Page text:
With opportunities in infrastructure debt on the rise, fund managers have begun to seek capital from institutional investors for new vehicles or mandates, and the limited partner universe has started to respond in kind.
In November, Macquarie received a $500 million mandate from Swiss Re to invest in the senior secured debt of Northern European infrastructure companies. Only a few months prior to that announcement, the RBS Group Pension Fund granted Hastings Funds Management approximately $1.2 billion to invest in debt or equity interests in UK infrastructure assets. Japan’s pension systems have also reportedly expressed interest in the asset class; and a first quarter AMP Capital survey of 62 global institutions found strong support of infrastructure finance strategies.
“For a while, it looked as though there was a new debt fund announcing each week,” says Hastings infrastructure debt director Nick Cleary. “A number of large sophisticated institutions are making significant steps into the market, and these are the institutions that are very much ahead of the curve on what’s happening.”
Beyond separate accounts or co-mingled funds, Cleary says that some of the industry’s most prominent investors have started to develop in-house capabilities for direct lending to infrastructure projects.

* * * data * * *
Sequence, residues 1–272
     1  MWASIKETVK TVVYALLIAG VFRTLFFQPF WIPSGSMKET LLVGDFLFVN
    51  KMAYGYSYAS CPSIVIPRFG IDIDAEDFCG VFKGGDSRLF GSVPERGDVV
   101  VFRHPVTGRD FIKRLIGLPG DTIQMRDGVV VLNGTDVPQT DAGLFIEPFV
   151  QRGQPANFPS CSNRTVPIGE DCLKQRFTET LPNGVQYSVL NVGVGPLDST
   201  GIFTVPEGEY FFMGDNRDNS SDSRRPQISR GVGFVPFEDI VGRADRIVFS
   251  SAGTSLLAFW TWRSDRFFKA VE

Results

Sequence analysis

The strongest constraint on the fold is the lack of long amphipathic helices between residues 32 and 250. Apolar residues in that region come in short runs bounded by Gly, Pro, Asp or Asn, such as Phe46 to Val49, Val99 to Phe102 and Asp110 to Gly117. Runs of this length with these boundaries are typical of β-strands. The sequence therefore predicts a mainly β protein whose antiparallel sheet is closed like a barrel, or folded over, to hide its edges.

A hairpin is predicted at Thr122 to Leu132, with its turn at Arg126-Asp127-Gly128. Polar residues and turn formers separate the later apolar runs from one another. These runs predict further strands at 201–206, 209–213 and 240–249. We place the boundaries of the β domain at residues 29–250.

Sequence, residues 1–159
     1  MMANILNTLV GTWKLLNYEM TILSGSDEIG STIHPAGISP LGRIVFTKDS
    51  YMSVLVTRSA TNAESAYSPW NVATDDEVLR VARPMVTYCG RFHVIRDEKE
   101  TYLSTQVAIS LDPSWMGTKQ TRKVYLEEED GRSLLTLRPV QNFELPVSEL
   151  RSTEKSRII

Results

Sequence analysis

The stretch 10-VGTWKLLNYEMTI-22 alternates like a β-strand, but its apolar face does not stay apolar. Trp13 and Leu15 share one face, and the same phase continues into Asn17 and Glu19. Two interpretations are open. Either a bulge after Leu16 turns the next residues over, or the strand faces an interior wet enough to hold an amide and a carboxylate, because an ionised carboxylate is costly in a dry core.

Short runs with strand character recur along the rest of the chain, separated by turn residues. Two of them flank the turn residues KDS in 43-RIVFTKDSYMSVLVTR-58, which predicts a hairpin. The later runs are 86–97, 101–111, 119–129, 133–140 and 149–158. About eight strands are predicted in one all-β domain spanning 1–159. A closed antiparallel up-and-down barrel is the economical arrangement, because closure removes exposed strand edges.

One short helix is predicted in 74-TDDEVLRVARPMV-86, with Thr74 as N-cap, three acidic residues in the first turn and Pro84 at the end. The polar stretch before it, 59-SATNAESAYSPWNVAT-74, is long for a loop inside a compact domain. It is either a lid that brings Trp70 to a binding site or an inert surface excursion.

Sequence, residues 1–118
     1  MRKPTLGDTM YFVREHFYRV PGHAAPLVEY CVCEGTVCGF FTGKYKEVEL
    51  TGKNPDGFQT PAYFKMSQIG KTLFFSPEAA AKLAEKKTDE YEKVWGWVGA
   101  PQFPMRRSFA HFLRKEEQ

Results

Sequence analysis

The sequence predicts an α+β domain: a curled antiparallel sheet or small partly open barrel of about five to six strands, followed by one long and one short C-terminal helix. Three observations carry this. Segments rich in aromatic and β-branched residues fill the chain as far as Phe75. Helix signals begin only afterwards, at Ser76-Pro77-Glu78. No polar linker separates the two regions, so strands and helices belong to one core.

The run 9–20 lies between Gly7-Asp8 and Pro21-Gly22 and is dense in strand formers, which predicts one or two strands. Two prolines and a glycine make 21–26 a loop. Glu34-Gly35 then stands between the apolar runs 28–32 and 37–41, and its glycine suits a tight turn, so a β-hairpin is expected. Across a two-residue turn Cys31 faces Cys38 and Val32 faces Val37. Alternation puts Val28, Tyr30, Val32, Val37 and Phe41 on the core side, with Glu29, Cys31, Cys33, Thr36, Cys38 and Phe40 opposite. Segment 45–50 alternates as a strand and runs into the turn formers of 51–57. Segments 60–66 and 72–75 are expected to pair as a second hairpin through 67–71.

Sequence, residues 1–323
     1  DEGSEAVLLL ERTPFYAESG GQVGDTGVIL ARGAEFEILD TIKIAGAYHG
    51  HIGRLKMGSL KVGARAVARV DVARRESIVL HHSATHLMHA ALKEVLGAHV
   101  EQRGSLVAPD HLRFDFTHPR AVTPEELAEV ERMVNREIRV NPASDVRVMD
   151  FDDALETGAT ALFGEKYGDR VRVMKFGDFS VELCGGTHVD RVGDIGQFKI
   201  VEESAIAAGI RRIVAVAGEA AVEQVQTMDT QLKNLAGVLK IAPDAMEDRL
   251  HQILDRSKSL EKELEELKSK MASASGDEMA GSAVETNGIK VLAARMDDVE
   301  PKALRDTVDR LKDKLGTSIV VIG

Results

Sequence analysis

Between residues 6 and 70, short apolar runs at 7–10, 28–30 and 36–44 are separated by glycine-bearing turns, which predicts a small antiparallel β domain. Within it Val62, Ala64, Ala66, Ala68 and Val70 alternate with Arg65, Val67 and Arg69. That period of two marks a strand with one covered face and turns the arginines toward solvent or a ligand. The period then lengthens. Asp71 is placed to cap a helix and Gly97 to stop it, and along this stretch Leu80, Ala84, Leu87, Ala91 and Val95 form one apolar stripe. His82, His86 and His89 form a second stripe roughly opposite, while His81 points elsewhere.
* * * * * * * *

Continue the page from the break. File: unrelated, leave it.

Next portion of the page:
This is to be expected. Infrastructure debt’s low-risk profile and long-term returns are well suited to the needs of public pension systems, insurance companies and endowments, says infrastructure debt specialist John Ryan of Greengate. Furthermore, management of infrastructure debt assets requires less maintenance than traditional portfolio companies, sources say.
“For decades, people have been aware that commercial banks have the wrong kind of balance sheet to build long term infrastructure finance lending,” says Ryan. “Most wholesale banks are short term funded. To put on 20 to 30 year assets that are illiquid never made any sense. It took the financial crisis in 2008 to really expose that that model is not going to work.”
“Institutional investors are sort of an obvious solution. [However], there are a number of issues associated with actually making that happen. And it’s in the midst of all those issues that’s where we are now – it’s a moving target.”